Induction Annealing is a heat treatment process which involves heating of material above its recrystallization temperature. The aim is to reach and maintain a suitable temperature for enough time followed by proper cooling. It is often used in metallurgy and material science to make the treated sample more workable by reducing its hardness and increasing its ductility (ability to undergo a change of form without breaking).
Annealing alters the physical and sometimes the chemical properties of the material as recrystallization is obtained during the process of cooling. Therefore, the outcoming structures of many alloys, including carbon steel, are both dependent on the heating and on the cooling rate. Ferrous metals, such as steel, require slow cooling to anneal. Other materials (e.g. copper, silver) can be either cooled slowly in air or quickly quenched in water.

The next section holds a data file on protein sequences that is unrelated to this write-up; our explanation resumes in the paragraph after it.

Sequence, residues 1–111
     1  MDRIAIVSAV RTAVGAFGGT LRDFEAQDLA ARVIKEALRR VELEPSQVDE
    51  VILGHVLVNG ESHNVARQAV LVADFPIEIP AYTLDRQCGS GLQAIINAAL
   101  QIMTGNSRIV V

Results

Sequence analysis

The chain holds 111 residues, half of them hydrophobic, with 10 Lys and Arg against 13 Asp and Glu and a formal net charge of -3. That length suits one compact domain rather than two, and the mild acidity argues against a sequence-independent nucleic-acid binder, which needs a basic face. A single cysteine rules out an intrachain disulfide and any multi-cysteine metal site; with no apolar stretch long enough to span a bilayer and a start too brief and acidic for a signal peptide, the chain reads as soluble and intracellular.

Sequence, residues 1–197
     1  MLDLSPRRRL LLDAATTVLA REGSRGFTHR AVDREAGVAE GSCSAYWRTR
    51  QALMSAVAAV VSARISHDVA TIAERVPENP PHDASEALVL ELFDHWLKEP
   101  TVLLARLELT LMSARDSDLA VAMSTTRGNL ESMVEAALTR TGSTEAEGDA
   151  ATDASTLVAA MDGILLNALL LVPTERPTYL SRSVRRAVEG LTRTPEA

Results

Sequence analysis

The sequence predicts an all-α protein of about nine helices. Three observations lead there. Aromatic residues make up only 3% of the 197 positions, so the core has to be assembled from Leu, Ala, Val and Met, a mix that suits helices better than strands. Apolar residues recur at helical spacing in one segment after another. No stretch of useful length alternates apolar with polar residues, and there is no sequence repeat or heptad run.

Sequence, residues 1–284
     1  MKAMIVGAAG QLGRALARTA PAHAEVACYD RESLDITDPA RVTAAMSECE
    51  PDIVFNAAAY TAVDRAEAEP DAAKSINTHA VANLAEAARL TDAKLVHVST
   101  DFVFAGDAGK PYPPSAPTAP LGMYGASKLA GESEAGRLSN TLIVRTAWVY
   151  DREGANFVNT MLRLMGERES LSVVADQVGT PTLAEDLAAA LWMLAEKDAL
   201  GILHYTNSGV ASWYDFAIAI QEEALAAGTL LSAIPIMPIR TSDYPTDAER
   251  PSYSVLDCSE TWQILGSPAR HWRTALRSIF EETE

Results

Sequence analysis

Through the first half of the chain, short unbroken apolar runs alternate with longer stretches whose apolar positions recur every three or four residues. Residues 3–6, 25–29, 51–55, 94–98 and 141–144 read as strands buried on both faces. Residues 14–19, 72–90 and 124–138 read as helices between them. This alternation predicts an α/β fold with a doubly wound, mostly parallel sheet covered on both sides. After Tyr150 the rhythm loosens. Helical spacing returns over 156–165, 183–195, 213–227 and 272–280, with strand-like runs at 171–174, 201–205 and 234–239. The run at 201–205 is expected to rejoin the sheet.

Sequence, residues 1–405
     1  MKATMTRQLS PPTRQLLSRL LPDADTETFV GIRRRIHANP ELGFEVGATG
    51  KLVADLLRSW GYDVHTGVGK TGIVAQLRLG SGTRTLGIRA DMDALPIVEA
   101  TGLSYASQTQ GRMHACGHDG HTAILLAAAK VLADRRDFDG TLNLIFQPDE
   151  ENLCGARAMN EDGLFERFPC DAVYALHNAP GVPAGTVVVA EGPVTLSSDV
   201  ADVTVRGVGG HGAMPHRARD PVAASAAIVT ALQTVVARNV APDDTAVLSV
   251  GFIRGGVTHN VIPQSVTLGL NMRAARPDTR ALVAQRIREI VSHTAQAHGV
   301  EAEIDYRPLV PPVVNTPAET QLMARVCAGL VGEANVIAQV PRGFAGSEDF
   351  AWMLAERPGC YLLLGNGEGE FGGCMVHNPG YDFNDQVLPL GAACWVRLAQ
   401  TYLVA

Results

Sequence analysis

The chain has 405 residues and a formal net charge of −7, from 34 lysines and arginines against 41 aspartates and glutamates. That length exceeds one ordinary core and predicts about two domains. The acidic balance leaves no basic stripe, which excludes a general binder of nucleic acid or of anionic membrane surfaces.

Induction heating provides improved control of the annealing process. Repeatable heating profiles can easily be obtained by precise regulation of the heating power. Since the workpiece is directly heated by the magnetic field, a faster response can be achieved. Moreover, the high overall efficiency of the induction heating process is crucial for such lengthy treatment.
Compared to most of the standard methods, induction annealing is a clean and easy to automate, contactless approach providing a high quality of the treated workpieces.